By HARRY R. WEBER
The Associated Press
Monday, April 30, 2007; 7:30 PM
ATLANTA -- Delta Air Lines Inc. waved farewell to bankruptcy protection Monday and put down a welcome mat for a redesigned logo after surviving a hostile takeover bid during a 19 1/2-month reorganization that saw it shed billions in costs.
The board of directors of the Atlanta-based company will now turn its attention to picking a new leader to replace outgoing Chief Executive Gerald Grinstein and deciding whether to sell or spin off regional feeder carrier Comair.
Grinstein, 74, said in an interview during a bankruptcy exit celebration at Delta's headquarters that he expects choosing a successor for him to be the first priority for the board. He said he believes the board, which consists of seven new members, will spend May getting acquainted with the candidates and make a decision sometime after that.
"That's the most important decision the board can make," said Grinstein, who will step down once his replacement is appointed.
The top internal candidates for CEO are Chief Financial Officer Ed Bastian and Chief Operating Officer James Whitehurst. Bastian said he will stay on with Delta even if he isn't picked as the new CEO. Whitehurst said he has chatted informally with some of the board members, but hasn't had an interview.
"The important thing is it be an internal person," Bastian said.
No external candidates have been mentioned.
As for Comair, which also emerged from bankruptcy Monday, senior Delta executives said there has been no timetable set on making a decision whether to shed it. Some analysts have suggested Delta will definitely sell Comair, and sell it quickly.
Whitehurst said "it's not a foregone conclusion" that Comair will be sold.
Delta, the nation's third-largest carrier, also unveiled Monday plans for a new paint job for its planes, featuring the company's three-dimensional red logo flying across a blue background on the tail of aircraft. The new logo will appear on more than 900 Delta and Delta Connection planes, at airports and on Delta advertising. The primary color of the new logo is a solid red instead of the familiar red-and-blue color scheme.
It will take four years to put the new livery on all Delta and Delta Connection planes, spokeswoman Chris Kelly said. Planes will get the new design as they come in for scheduled maintenance.
"It's a new airline, it's a new day, so you might as well have a new color," said Ray Neidl, an airline analyst with Calyon Securities in New York.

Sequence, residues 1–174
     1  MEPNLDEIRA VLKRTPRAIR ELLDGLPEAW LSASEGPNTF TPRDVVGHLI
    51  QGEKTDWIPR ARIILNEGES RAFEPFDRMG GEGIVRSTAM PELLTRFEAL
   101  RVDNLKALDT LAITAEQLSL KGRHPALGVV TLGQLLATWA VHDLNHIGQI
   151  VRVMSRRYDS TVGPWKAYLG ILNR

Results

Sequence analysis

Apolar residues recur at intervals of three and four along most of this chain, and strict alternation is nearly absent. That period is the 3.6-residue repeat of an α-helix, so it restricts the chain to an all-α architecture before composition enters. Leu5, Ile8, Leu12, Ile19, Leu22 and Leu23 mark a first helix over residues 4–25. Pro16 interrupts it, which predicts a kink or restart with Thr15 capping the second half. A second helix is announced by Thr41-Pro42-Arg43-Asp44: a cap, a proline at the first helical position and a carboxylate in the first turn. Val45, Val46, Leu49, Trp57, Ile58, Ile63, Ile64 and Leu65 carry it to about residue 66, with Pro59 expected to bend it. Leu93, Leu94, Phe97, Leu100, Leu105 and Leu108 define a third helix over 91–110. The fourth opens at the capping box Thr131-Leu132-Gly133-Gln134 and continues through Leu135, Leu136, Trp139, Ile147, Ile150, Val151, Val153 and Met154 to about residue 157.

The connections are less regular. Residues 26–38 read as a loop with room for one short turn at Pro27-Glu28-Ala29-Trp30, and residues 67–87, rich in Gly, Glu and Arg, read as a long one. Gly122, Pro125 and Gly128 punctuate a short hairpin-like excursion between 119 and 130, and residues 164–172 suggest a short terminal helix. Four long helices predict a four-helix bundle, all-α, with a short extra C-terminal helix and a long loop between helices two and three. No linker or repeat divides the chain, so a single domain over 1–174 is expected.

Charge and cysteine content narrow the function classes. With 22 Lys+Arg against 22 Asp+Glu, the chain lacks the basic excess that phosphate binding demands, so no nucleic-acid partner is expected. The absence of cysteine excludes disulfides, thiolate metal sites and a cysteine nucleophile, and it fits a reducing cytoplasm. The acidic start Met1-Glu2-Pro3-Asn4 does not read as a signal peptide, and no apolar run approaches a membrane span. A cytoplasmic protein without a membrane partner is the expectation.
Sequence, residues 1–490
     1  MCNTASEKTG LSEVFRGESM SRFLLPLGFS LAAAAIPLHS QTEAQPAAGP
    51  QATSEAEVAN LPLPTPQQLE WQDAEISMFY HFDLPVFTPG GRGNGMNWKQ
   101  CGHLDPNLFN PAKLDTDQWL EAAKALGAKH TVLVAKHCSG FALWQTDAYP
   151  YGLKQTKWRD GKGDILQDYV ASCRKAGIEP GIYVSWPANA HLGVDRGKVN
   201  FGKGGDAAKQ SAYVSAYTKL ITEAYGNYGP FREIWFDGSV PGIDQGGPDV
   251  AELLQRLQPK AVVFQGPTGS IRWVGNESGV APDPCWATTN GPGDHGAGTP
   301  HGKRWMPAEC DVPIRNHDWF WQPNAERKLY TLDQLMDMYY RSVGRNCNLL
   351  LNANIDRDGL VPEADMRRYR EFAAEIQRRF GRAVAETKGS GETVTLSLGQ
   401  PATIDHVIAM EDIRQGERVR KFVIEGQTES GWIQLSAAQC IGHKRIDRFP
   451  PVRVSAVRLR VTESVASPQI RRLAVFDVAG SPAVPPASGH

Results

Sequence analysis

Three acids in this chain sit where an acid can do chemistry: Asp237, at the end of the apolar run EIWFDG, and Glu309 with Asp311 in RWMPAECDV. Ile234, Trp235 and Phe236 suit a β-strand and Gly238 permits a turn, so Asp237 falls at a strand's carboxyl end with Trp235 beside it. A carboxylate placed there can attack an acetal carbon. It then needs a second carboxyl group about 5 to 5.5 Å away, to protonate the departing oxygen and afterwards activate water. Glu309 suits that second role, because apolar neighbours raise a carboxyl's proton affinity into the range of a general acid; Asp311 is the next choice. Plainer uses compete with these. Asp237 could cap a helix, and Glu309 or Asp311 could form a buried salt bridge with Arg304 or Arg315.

Neidl gave Delta credit for getting its cost structure down while in bankruptcy and for laying out a business plan for the future, after having suffered billions in losses the last six years.
Delta entered Chapter 11 on Sept. 14, 2005, amid high fuel prices and the burdens of high labor and pension expenses. Delta significantly reduced its labor and pension costs while under court protection. As of March 31, the company had 52,260 full-time employees, according to a regulatory filing Friday. The figure includes subsidiary Comair.
The bankruptcy process has been expensive for Delta, which has run up more than $127.9 million in bills for fees and expenses for its lawyers, consultants and advisers through the end of January. It could spend tens of millions more once the final fee and expense requests are dealt with.
Delta underwent a lot of changes while in bankruptcy, which included cost and job cuts, restructuring its fleet and focusing more on international service. The airline terminated its pilots' defined benefit pension plan.
The carrier also defeated a hostile takeover bid by Tempe, Ariz.-based US Airways Group Inc. US Airways withdrew its $9.8 billion bid after Delta's unsecured creditors committee in January endorsed Delta's reorganization plan.
Delta's existing stock was canceled Monday. Shares of new stock will be issued to creditors and begin trading publicly on the New York Stock Exchange on Thursday under the ticker symbol DAL. That day, Delta executives will ring the closing bell from the floor of the NYSE.
The company says 400 million shares will be issued, putting the target initial public offering at $23.50 a share to $30 a share based on Delta's projected valuation of $9.4 billion to $12 billion.
Delta's reorganization plan gives unsecured creditors between 62 percent and 78 percent of the value of their allowed claims as shares of new Delta stock. Delta employees also will get a lump-sum cash payment from the airline based on a percentage of their salary and will receive an equity stake in the reorganized company. Checks to employees are to be issued Tuesday.
More than 95 percent of creditors voted to endorse the plan for Delta to leave bankruptcy, and a federal bankruptcy judge in New York on April 25 gave the airline the green light to exit Chapter 11 on Monday. Conditions included closing on a $2.5 billion loan that was used to repay another loan that helped fund the airline's operations while in bankruptcy. The wire transfers were completed at midmorning Monday, allowing Delta to emerge from Chapter 11.
"This is an amazing day for an extraordinary company, which has reclaimed its heritage and has emerged from Chapter 11 as a fierce, determined and well-capitalized competitor," said Marshall Huebner, Delta's chief bankruptcy lawyer.
Michael Lloyd, an Atlanta-based customer service agent, was among the throng of Delta employees at the company celebration Monday.
"We were all ground down to the point where we were trying to figure out how we would feed our family, but we stuck with it," he said. "This is something that no airline in the world has ever done."
Associated Press Writer Jason Bronis contributed to this report from Atlanta.
On the Net:
Delta Air Lines Inc.: http://www.delta.com